Where the Crawdads Sing by Delia Owens
I read Where the Crawdads Sing for the first time back in 2019. I thought it would be dry and boring, but it was NOT. They’re currently filming a Crawdads movie, so I thought I’d give it a re-read.
For years, rumors of the “Marsh Girl” haunted Barkley Cove, a quiet fishing village. Kya Clark is barefoot and wild; unfit for polite society. So in late 1969, when the popular Chase Andrews is found dead, locals immediately suspect her.
But Kya is not what they say. A born naturalist with just one day of school, she takes life’s lessons from the land, learning the real ways of the world from the dishonest signals of fireflies. But while she has the skills to live in solitude forever, the time comes when she yearns to be touched and loved. Drawn to two young men from town, who are each intrigued by her wild beauty, Kya opens herself to a new and startling world—until the unthinkable happens.
In Where the Crawdads Sing, Owens juxtaposes an exquisite ode to the natural world against a profound coming of age story and haunting mystery. Thought-provoking, wise, and deeply moving, Owens’s debut novel reminds us that we are forever shaped by the child within us, while also subject to the beautiful and violent secrets that nature keeps.
The story asks how isolation influences the behavior of a young woman, who like all of us, has the genetic propensity to belong to a group. The clues to the mystery are brushed into the lush habitat and natural histories of its wild creatures.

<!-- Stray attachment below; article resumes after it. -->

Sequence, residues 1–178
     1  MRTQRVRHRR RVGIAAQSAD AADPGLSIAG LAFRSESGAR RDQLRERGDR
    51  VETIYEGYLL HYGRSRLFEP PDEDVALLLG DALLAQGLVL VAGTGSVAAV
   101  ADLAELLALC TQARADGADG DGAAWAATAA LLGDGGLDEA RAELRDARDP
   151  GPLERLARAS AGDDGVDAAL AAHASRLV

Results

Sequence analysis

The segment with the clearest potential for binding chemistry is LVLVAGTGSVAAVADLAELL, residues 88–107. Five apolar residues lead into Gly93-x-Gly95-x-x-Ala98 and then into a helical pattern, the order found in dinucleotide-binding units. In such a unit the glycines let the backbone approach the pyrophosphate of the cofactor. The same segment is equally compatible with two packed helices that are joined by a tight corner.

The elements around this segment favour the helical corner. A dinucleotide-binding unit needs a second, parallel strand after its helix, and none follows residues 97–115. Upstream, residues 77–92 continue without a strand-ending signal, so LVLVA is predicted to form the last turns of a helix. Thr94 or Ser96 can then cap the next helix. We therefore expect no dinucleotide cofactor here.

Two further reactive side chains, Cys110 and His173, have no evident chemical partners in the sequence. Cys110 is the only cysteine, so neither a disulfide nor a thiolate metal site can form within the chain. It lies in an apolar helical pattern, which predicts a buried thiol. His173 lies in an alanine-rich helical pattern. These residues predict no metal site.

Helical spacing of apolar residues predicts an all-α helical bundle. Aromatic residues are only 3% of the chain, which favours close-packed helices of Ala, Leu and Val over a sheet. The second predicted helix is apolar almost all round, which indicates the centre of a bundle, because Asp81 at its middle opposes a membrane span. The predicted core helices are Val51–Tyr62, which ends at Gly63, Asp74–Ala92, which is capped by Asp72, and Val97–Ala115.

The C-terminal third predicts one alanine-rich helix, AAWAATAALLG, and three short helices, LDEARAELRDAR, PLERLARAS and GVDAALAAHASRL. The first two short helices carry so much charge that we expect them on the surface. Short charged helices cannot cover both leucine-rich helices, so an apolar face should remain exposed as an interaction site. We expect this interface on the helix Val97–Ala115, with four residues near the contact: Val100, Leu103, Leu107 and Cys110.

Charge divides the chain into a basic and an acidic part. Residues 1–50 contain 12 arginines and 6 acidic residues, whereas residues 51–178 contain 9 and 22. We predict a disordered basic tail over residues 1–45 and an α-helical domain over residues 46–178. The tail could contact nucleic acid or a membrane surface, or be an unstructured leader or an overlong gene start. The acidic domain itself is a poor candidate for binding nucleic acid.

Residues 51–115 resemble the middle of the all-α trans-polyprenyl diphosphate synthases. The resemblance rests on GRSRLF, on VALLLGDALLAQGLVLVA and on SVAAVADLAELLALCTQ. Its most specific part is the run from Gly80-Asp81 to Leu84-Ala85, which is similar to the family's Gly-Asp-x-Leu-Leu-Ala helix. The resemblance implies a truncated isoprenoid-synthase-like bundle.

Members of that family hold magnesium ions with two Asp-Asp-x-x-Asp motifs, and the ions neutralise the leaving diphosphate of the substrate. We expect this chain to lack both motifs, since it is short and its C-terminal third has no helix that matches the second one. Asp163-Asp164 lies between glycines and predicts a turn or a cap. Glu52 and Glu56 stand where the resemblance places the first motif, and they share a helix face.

This is such a solid five-star book. The book follows two timelines: Kya growing up, and present day. The timelines do converge, but it’s all done just effortlessly.
It’s empowering to see a story of a girl who essentially raised herself. She was driven to education and the perfect example of hands-on learning. In a nutshell, if you work and believe in yourself, you can achieve anything.
One thing you should know about me: I don’t read the “extras” in books. Poems, forwards, author’s notes… I almost always skip over them. DON’T SKIP THE POEMS. I did the first time when I read it on my Kindle Paperwhite, and regretted it.
I would highly recommend Where the Crawdads Sing. It’s a great book that deserves reading. I promise, you will DEVOUR it. Delia Owens writes so well and so descriptively without bogging you down in the details. If I had a pool day or was a passenger on a long car trip, I would almost definitely have been able to read it in one sitting.
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